The date came and went without incident. Newspaper reaction was almost uniform in its mockery of Palmer and his "hallucinations." Clarence Darrow called it the "May Day scare." The Rocky Mountain News asked the Attorney General to cease his alerts: "We can never get to work if we keep jumping sideways in fear of the bewiskered Bolshevik." Palmer's embarrassment buttressed Louis Freeland's position in opposition to the Palmer raids when he testified before a Congressional Committee on May 7–8.
Palmer sought the Democratic Party's nomination for President in 1920. In a crowded field of candidates, he presented himself as the most American of all. Campaigning during the Georgia primary, he said: "I am myself an American and I love to preach my doctrine before undiluted one hundred percent Americans, because my platform is, in a word, undiluted Americanism and undying loyalty to the republic." Journalist Heywood Broun pretended to investigate: "We assumed, of course, from the tone of Mr. Palmer's manifesto that his opponents for the nomination were Rumanians, Greeks and Icelanders, and weak-kneed ones at that....We happened into Cox's headquarters wholly by accident and were astounded to discover that he, too, is an American. ... Thus encouraged we went to all camps and found that the candidates are all Americans." Palmer had considerable support among party professionals, but no track record as a campaigner or a vote winner. He won delegates in the Michigan and Georgia primaries but did so without demonstrating voter appeal. He also faced strong opposition from labor for his use of an injunction against striking coal miners in the fall of 1919. Though he probably never had a chance of winning the nomination, he ran a respectable third until his support collapsed on the convention's 39th ballot and the nomination shortly thereafter went to Ohio Governor James Cox.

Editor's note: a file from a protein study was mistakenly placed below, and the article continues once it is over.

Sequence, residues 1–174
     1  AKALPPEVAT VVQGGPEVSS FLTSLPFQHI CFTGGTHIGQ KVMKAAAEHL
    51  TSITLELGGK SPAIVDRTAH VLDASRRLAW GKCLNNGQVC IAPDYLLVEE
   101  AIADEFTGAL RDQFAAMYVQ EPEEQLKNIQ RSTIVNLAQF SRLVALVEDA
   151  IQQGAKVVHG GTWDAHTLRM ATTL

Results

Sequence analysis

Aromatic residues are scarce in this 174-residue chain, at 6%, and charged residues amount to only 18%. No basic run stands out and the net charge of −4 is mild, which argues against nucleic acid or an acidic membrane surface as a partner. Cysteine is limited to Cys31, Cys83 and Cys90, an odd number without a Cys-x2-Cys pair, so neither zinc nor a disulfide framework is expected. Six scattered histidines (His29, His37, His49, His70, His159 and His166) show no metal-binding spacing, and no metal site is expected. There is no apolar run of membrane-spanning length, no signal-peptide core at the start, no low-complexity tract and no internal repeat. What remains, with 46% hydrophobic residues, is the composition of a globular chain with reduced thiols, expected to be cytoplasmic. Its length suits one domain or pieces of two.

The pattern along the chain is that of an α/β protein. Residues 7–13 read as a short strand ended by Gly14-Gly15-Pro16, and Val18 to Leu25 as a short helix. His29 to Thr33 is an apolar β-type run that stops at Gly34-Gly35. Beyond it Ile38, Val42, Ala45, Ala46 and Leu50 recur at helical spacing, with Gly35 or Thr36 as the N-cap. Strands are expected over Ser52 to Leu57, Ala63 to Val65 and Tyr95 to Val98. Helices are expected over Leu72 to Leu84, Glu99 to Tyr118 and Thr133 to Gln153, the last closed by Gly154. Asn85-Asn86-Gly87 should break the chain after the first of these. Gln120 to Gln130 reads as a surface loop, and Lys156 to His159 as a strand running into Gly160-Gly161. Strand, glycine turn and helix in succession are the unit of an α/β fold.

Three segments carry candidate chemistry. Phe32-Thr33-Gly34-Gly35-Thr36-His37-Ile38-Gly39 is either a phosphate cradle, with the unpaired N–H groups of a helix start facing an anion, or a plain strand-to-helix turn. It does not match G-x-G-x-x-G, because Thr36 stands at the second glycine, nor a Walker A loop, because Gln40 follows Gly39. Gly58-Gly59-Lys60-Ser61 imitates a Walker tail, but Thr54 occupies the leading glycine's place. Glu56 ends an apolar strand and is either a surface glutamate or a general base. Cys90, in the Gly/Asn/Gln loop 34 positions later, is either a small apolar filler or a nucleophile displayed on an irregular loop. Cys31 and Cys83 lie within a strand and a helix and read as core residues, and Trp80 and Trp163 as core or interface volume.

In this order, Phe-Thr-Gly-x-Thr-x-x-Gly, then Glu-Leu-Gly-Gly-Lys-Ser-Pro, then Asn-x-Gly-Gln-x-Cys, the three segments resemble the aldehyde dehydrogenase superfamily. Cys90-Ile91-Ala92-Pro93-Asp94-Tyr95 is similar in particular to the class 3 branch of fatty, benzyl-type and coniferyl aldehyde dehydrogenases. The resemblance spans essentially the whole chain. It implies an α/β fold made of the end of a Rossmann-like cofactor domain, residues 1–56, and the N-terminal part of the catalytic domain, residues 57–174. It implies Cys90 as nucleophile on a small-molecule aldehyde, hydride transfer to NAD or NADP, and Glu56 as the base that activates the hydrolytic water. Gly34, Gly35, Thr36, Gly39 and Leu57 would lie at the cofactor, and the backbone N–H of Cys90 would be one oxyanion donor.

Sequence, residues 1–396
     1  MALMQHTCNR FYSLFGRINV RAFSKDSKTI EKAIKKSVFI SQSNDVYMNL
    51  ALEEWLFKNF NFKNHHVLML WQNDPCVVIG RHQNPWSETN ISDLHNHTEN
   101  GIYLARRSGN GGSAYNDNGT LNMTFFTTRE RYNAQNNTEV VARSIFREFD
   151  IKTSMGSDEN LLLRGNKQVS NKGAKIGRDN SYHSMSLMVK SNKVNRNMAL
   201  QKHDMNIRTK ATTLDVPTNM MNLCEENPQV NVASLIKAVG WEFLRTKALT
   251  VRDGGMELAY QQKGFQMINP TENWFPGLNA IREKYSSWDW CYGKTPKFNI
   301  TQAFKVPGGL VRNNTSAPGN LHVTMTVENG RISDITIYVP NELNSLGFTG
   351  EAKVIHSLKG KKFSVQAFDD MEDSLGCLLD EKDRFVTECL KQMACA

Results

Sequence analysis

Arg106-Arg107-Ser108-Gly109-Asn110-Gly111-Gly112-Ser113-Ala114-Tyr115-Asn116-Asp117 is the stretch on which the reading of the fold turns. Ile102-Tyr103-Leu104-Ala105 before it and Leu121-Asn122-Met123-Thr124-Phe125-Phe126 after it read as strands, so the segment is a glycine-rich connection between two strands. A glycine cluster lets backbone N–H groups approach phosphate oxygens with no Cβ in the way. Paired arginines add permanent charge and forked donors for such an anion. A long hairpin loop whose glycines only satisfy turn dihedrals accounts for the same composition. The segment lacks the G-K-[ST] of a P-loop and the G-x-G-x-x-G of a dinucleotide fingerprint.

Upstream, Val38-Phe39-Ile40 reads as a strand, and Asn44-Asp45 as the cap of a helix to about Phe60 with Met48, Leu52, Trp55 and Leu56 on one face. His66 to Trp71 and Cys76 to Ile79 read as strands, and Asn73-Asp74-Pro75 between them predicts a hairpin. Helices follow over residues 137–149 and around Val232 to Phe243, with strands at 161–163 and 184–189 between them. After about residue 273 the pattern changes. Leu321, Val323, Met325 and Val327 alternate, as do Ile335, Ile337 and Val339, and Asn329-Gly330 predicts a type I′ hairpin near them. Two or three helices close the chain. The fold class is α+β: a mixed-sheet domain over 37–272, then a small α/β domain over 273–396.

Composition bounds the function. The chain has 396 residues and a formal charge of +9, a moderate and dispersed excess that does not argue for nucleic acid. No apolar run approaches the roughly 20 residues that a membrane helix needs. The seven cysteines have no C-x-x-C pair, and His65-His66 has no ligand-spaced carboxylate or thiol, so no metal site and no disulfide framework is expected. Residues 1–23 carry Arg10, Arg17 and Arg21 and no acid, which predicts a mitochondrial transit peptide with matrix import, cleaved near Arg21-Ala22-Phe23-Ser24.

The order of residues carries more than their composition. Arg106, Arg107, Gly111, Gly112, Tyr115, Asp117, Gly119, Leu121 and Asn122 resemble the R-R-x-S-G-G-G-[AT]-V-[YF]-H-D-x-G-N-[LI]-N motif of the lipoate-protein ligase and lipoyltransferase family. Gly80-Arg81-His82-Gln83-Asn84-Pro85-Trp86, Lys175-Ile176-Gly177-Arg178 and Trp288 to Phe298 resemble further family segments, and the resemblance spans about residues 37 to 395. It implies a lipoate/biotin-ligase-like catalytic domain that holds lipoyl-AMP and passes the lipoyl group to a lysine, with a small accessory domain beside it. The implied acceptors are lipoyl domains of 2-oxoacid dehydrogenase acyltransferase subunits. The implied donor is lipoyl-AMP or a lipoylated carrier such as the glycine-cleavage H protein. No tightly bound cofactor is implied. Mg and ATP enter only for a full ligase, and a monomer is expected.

In 1921, in the closing weeks of the Wilson administration, Palmer asked the President to pardon imprisoned Socialist leader Eugene V. Debs, whose health was said to be failing. He suggested the birthday of President Lincoln as an appropriate day for the announcement, noting Lincoln's willingness to forgive the Confederate South. Wilson's response was "Never!", and he wrote "Denied" across the clemency petition.
After retiring from government service in March 1921, Palmer went into the private practice of law and continued to act the role of a senior statesman of the Democratic Party. Widowed when his wife Roberta Dixon died on January 4, 1922, he married Margaret Fallon Burrall in 1923.